Fibrodysplasia ossificans progressiva, or FOP, is an ultra-rare bone condition. It is a genetic disorder caused by a gene mutation (a permanent change to the DNA sequence that makes up a gene)24,25 where the process of normal bone formation cannot be controlled properly leading to extra bone forming where it should not.26 This extra bone formation is permanent, which means the resulting disability can increase over time, affecting a person’s quality of life.27,28
FOP affects as many as 1 to 2 in a million people in the world, but currently about 900 people are known to live with this condition.29,30 Just over half of all people living with FOP are misdiagnosed before they get an accurate diagnosis. Common misdiagnoses include cancer, other tumors, bunions or other rare diseases which can result in unnecessary interventions that might result in extra bone formation.31 People with FOP could benefit from faster diagnosis, allowing them to have the most adapted care.32
Puberty is when a child’s body changes into that of an adult and includes rapid growth of bones and muscles, changes in body shape and size, and development of the body’s ability to reproduce. When puberty begins before the age of eight years in girls and before the age of nine years in boys, it is known as precocious puberty.33
The cause of precocious puberty often can’t be found. Rarely, certain conditions, such as infections, hormone disorders, tumors, brain abnormalities, or injuries, may cause precocious puberty. Treatment for precocious puberty typically includes medication to delay further development with the objective to preserve the adult height.33
Growth disorders are conditions that can stop children from developing normally. There are a number of different types of growth disorders that can affect height, weight and sexual maturity.34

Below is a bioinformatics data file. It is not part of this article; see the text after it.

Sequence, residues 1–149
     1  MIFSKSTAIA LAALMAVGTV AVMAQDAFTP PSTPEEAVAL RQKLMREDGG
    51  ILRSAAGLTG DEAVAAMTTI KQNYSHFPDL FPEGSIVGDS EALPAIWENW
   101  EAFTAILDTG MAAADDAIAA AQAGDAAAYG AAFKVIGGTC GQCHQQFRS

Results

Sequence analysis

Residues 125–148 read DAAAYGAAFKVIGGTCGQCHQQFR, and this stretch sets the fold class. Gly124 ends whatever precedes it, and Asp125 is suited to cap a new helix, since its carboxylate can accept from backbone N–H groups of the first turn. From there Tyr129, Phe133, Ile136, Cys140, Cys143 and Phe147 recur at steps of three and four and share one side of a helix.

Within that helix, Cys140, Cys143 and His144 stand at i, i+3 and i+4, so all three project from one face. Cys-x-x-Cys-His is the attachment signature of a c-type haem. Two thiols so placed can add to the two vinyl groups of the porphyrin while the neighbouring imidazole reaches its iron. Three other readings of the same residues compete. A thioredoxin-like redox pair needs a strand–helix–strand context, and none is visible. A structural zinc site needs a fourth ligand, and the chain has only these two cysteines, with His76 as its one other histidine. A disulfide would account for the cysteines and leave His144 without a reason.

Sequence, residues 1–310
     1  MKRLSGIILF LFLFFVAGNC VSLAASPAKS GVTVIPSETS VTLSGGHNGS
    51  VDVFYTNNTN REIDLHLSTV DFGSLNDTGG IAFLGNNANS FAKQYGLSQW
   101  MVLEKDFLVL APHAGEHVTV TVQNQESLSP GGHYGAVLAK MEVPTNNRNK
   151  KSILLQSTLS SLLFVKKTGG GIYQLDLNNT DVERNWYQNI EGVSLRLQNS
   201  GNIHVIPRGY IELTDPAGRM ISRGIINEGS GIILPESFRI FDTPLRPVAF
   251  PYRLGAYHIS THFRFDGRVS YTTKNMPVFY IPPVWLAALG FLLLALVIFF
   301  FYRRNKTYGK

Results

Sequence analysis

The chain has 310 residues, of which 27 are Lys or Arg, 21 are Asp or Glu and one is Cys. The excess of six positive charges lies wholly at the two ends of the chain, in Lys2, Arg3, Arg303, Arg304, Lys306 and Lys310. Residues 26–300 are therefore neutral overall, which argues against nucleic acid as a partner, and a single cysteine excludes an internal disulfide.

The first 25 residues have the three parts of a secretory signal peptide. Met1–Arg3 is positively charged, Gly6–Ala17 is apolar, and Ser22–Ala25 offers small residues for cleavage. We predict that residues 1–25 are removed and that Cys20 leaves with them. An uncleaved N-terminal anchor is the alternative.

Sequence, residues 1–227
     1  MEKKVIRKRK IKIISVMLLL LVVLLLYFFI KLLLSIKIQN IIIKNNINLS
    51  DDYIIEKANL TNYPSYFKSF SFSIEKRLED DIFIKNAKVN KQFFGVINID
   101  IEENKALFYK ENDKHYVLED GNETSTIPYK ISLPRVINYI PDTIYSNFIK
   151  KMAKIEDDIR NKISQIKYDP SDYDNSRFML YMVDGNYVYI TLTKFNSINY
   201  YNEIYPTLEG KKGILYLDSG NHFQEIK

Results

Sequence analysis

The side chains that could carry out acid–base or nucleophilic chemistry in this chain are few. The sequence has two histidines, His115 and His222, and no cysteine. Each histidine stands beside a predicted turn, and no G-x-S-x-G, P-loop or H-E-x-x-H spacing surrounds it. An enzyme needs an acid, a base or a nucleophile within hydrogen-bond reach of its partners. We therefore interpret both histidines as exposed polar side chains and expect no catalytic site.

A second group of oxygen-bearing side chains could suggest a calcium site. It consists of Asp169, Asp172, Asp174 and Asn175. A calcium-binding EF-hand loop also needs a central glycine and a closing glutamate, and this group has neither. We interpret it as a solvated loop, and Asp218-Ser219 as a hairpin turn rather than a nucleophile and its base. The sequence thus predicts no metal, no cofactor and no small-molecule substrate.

The pituitary gland is a group of cells in the brain that release chemical substances in the body. The pituitary gland makes a hormone which causes bones and other tissues to grow, called growth hormone. Children who don’t make enough growth hormone may not grow as tall as they should.34
There is also a type of growth disorder which is caused by a change to a person’s DNA that causes the body to lack a hormone known as insulin-like growth factor 1.35
Management of these conditions focuses on supporting nutrition intake and development as well as specific growth hormone or IGF-1 therapy, accordingly, in some cases.35
Dedicated websites built with the patient community
Rare diseases are often misunderstood, or completely unknown, and there is little information available for people with rare diseases and their families. Ipsen has worked together with patient organizations and healthcare professionals to co-create dedicated resources for people living with certain rare diseases.
The acromunity website was co-developed with patients and healthcare professionals to provide resources and support for those living with acromegaly. The website also provides information about patients support groups available in individual countries.
Focus on FOP is a website for people living with FOP or their families and caregivers. It features patient stories, videos, and images, as well as more information about the condition. There are also links to national patient organization websites for more information and support.
|Finding information and support
There are a number of websites where you can find reliable information. Patient organization websites are often a good place to start for information and guidance on how to access physical and emotional support.
If you don’t know what local organizations exist, Global and European organizations can often help people to find local resources and groups.
Experiences of living with rare diseases
Although discovering that you are living with a certain condition might feel quite daunting at times, you are certainly not alone. Behind every person, there is a story and we believe you tell that story best.
If you have been affected by any of the experiences or topics discussed in this video, talk to your healthcare professional who may be able to direct you to the additional support you need.